A simple addition and subtraction game to teach early years students to think about what numbers they need to add or subtract to reach a specific number. This game is also good practice for counting on.
- Learning how different numbers can be put together to equal other numbers
- Counting on strategies
- Basic addition
- Basic subtraction
- Mental processing
- Box of counters
- Class of students
- 6 sided dice, enough for 1 between 2 students
Aim of the game:
To roll a dice and use the number rolled to either add that amount or subtract that amount of counters to equal a specific number.
How to Play:
- Put your students into pairs.
- Give each student a pile of counters.
- Give the students a specific number that they have to equal, it can be a number that they are currently learning about (for example I just played this game with my students and asked them to equal 10)
- In pairs the students each take turns to roll the dice, the number they roll is how many counters they need to take to start trying to equal the target number. (Sarah rolls a 4 so she needs to take 4 counters)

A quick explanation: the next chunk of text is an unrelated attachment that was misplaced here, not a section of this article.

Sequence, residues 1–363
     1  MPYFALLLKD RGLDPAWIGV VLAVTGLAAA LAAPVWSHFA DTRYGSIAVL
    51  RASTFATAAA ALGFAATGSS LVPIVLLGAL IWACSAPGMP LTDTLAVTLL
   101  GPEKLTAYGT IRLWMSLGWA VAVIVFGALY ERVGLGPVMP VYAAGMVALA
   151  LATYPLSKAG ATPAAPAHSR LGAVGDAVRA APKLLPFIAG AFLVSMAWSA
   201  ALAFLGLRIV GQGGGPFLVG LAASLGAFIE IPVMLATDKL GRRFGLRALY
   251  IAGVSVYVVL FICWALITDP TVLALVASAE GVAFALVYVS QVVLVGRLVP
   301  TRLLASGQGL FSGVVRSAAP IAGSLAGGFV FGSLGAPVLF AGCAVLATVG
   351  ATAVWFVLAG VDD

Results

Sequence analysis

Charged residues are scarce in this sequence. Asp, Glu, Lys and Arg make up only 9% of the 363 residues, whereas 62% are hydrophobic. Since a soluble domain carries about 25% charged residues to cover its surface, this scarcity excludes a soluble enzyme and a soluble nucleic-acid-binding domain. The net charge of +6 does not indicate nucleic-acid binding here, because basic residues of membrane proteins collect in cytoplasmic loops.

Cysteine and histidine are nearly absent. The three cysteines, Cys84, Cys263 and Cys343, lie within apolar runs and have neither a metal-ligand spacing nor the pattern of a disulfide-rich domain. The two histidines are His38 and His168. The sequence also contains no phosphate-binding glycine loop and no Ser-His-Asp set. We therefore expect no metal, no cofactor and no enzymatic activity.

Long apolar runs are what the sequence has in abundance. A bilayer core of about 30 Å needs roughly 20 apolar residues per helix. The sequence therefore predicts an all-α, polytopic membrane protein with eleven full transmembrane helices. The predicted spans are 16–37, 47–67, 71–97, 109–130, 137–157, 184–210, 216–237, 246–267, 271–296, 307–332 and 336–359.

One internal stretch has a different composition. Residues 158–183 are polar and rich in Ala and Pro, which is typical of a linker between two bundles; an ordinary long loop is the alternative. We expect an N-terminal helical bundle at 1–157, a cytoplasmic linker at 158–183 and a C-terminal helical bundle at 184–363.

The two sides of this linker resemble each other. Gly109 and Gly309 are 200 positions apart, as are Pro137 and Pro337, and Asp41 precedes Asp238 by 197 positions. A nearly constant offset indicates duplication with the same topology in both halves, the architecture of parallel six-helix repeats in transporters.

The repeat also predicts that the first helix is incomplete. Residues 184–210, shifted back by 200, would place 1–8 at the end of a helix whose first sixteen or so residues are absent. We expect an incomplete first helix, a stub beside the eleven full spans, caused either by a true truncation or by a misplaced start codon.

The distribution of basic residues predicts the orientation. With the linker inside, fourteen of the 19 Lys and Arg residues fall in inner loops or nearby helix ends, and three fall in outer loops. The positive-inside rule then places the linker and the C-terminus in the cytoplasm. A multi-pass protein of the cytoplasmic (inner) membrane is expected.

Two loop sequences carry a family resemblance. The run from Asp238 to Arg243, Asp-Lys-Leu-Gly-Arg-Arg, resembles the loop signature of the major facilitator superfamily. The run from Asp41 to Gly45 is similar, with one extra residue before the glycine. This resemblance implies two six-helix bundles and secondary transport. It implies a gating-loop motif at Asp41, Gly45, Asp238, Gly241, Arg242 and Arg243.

- Each time they roll they add on that many counters. (If her next turn Sarah roles a 3, she now has a total of 7 counters)
- If a student reaches the exact amount (in our case 10) then their partner needs to keep playing until they also reach 10.
- However if a student gets more than the target number they need to start subtracting the amount that is shown on the dice. (They continue to add if they have less than the target number and subtract if they have more, until they reach it exactly)
Model this game in a class circle first, as it is a game for early years students they may need lots of guidance before they play in pairs. While modelling, demonstrate that you are thinking about what number you will need to role to reach the target number. The students will enjoy knowing what number they need to roll before they roll the dice as it adds an element of suspense, this also encourages mental addition and subtraction. It’s up to you whether you have a winner or not, I tend to avoid the term ‘winner’ with this age students but it’s a good lesson for them to learn that it’s ok to not be the ‘winner’, especially a game like this which is based on luck.